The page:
Language is a wonderful thing and talking with children can be so enlightening. They have no problem adapting to a different language, taking on a new challenge, its what they do every moment of every day.
As Federico Fellini said, 'A different language is a different vision of life' and the children I've met, in both France & the UK, really understand this. They realise that language changes things, challenges things, its exciting.
Back in England I find myself viewing a lack of motivation or interest in language...it's just there.People use their own tongue sloppily, randomly, almost without thought and the concept of experiencing another language is not considered. When does a challenge become a problem? Answer when you let it...when it grows out of proportion. Its as though the long wet English summer of 2012 has seeped into their very being. The populous looks grey with the lack of sun, and beaten down by economic times.
If,'Language is the blood of the soul into which thoughts run and out of which they grow', Oliver Wendell Holme, then it appears we lack that child like desire to grow. When our shoe size & height falter & stop, sometimes our minds stop growing also.
In England I suppose we still have humour, games with words & concepts, painting abstract pictures with ordinary words. Recently my predictive text amusingly listed the names of two villages (in France & England) as ' Careless Pistons' and my French closing phrase,'Amicalement' ,(in a friendly way) as 'Impalement'. Now that's a different mental picture than what I started with.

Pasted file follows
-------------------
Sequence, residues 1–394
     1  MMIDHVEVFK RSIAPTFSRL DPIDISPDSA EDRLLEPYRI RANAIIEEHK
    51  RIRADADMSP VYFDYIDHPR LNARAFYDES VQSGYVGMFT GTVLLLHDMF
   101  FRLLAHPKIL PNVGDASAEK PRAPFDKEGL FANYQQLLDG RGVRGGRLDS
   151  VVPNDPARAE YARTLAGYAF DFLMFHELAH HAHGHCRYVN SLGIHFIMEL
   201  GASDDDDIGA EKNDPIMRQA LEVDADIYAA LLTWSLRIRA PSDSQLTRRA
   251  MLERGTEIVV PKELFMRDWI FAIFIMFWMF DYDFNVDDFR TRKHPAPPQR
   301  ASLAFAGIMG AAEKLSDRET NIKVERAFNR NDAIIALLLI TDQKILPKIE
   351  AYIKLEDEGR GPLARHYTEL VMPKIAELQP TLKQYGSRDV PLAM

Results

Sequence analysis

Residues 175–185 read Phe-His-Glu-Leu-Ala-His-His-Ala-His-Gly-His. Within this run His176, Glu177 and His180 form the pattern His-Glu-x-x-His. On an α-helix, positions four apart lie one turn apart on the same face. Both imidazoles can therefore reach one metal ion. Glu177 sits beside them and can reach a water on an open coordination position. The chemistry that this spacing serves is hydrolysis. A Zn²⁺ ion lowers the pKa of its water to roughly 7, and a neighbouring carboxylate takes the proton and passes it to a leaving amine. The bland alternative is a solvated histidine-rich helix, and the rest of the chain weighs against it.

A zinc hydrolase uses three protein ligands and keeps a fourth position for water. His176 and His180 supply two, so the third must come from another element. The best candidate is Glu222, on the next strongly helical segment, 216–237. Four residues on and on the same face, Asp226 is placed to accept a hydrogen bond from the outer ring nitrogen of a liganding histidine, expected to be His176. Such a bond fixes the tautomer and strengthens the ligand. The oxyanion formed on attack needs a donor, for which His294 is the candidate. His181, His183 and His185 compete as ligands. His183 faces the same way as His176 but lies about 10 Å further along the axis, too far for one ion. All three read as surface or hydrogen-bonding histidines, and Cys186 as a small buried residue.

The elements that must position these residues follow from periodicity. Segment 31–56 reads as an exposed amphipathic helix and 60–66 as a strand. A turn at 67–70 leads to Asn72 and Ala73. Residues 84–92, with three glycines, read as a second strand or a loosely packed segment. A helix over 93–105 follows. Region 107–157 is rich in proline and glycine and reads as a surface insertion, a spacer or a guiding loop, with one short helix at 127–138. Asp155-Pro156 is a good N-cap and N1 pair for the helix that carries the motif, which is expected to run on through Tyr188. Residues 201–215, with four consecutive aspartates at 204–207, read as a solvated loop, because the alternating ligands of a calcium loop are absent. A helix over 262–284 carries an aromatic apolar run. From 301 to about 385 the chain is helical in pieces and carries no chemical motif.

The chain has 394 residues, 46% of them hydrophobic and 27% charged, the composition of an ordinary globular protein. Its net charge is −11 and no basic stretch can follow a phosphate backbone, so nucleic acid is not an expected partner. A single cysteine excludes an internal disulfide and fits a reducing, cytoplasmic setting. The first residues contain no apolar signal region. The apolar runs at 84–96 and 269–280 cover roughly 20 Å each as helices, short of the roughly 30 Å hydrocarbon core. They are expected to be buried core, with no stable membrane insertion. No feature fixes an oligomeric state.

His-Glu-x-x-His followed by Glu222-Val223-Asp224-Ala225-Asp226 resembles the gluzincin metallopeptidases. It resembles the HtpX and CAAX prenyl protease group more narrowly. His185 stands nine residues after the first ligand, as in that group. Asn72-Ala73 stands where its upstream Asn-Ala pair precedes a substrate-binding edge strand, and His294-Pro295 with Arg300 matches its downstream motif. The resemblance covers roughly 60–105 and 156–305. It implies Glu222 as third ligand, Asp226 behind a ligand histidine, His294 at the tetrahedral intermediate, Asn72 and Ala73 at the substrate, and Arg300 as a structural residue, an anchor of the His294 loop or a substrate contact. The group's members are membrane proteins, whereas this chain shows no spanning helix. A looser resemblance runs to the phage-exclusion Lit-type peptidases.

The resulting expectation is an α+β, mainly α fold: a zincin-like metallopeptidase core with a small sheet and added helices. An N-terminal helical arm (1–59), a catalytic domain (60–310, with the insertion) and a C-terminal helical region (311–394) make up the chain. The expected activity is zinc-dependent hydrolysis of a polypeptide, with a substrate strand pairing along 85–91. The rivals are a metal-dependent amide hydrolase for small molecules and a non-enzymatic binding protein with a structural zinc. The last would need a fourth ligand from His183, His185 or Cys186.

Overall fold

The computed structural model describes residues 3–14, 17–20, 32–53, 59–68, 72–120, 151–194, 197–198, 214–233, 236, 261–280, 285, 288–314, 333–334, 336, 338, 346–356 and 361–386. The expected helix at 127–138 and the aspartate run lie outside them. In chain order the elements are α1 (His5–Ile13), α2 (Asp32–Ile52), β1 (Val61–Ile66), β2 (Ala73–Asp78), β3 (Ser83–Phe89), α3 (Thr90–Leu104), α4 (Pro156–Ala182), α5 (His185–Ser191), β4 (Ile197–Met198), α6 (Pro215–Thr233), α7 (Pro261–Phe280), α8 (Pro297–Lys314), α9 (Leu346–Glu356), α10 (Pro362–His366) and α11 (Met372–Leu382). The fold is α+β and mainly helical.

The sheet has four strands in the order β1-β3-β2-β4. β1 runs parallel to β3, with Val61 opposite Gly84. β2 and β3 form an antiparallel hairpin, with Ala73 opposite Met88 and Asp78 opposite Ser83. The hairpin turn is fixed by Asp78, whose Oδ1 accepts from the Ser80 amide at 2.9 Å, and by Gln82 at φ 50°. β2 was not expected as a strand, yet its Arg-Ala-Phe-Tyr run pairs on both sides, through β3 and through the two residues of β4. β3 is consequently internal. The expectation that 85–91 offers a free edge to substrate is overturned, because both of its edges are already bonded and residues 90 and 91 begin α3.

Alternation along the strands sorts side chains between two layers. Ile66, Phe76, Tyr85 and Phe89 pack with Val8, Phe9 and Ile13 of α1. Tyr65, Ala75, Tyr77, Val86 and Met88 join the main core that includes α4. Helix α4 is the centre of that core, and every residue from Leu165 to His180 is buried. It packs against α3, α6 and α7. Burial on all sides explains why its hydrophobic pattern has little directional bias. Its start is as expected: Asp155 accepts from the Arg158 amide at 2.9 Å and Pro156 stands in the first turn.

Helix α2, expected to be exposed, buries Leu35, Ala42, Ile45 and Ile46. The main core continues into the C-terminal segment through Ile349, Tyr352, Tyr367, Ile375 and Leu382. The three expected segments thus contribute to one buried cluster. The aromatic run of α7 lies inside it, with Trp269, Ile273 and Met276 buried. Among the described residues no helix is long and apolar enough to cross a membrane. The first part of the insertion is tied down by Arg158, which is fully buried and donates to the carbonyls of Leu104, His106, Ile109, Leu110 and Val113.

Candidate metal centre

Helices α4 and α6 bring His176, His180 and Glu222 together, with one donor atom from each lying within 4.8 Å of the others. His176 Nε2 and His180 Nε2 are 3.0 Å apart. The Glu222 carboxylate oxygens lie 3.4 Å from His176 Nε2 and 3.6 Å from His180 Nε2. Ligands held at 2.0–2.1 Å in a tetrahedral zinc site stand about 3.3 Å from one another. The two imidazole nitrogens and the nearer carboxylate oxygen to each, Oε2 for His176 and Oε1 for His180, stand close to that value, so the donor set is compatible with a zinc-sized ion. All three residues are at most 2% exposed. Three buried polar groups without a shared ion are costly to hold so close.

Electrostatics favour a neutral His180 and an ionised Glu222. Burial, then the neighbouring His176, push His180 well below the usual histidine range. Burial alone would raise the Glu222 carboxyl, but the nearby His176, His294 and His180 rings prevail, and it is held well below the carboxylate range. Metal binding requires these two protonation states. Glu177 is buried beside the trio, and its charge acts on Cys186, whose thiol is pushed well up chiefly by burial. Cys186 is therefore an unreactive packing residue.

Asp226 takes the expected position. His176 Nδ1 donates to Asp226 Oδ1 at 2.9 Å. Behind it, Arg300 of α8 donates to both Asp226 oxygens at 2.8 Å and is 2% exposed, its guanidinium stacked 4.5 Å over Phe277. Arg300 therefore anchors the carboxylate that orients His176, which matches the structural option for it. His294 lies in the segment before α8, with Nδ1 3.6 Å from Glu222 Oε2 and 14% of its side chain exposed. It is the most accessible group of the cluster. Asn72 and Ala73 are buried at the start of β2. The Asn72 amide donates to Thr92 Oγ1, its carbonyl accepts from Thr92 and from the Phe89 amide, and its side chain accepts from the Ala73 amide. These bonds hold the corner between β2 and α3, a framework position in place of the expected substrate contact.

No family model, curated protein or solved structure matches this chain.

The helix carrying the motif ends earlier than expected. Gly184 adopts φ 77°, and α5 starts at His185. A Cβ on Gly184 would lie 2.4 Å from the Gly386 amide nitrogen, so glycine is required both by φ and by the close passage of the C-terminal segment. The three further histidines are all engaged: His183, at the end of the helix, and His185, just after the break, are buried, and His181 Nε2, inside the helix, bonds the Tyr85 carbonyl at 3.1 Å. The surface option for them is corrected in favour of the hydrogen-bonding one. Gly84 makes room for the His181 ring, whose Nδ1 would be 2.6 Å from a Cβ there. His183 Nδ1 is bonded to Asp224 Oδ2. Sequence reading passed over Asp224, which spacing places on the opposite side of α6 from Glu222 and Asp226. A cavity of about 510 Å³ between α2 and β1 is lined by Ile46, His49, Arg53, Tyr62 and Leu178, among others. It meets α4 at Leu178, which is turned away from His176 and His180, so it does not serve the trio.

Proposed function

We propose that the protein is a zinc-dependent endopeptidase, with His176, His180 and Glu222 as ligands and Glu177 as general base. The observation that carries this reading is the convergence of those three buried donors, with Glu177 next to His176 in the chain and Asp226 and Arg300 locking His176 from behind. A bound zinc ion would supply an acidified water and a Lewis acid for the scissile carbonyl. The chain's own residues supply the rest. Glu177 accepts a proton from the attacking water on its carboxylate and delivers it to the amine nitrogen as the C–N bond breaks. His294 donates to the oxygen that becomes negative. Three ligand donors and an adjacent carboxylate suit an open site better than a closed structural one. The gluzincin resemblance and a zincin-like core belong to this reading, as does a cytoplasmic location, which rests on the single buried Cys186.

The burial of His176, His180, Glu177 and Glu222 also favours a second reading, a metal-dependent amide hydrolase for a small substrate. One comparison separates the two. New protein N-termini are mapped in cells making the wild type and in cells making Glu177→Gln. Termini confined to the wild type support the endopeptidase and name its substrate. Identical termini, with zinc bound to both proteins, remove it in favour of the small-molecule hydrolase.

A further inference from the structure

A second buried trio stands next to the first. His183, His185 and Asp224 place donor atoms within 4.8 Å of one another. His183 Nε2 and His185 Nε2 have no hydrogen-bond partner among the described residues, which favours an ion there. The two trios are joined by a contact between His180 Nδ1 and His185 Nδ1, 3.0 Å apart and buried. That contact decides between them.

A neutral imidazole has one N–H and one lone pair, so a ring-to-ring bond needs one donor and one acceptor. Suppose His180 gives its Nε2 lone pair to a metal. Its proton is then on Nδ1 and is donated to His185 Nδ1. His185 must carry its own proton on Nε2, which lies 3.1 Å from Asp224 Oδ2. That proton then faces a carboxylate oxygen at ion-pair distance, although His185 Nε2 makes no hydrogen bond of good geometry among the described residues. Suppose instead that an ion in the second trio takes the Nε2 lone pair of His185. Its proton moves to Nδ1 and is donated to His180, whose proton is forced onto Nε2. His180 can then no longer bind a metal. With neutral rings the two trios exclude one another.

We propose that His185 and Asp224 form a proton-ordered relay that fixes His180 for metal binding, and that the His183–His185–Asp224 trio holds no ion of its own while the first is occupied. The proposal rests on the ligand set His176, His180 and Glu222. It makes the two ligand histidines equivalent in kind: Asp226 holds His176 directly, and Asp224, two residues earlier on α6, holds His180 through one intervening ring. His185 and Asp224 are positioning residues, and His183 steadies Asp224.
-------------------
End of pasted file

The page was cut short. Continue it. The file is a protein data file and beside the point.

William James once said,'Language is the most imperfect and expensive means yet discovered for communicating thought', and yesterday I understood just how imperfect that communication can be. The headlines in one of the UK Nationals read,'French invade British Waters' ; what invasion think I? Property in both countries, love for both nations...racing thoughts. What tragedy could have occurred,what international incident had transpired. Well it seems that French fishermen have strayed into British scallop fishing grounds.
Now there is another irony, it was not St Jacques, but St James, who was accredited with links to the scallop trade. The classic scallop shell emblem has gone through many incarnations and at great personal, philosophical & business expense; from the pagan fertility symbol, to the emblem emblazoned on pilgrims cloaks and finally to oil & petroleum industry...so imperfect and so expensive!
And the final irony, when we consider language, the reason we Brits call these 'invading' sea creatures, 'scallops'....its from the old French word escalope, meaning 'a shell' or more latterly, 'a thin slice'.
Now that is an invasion of language.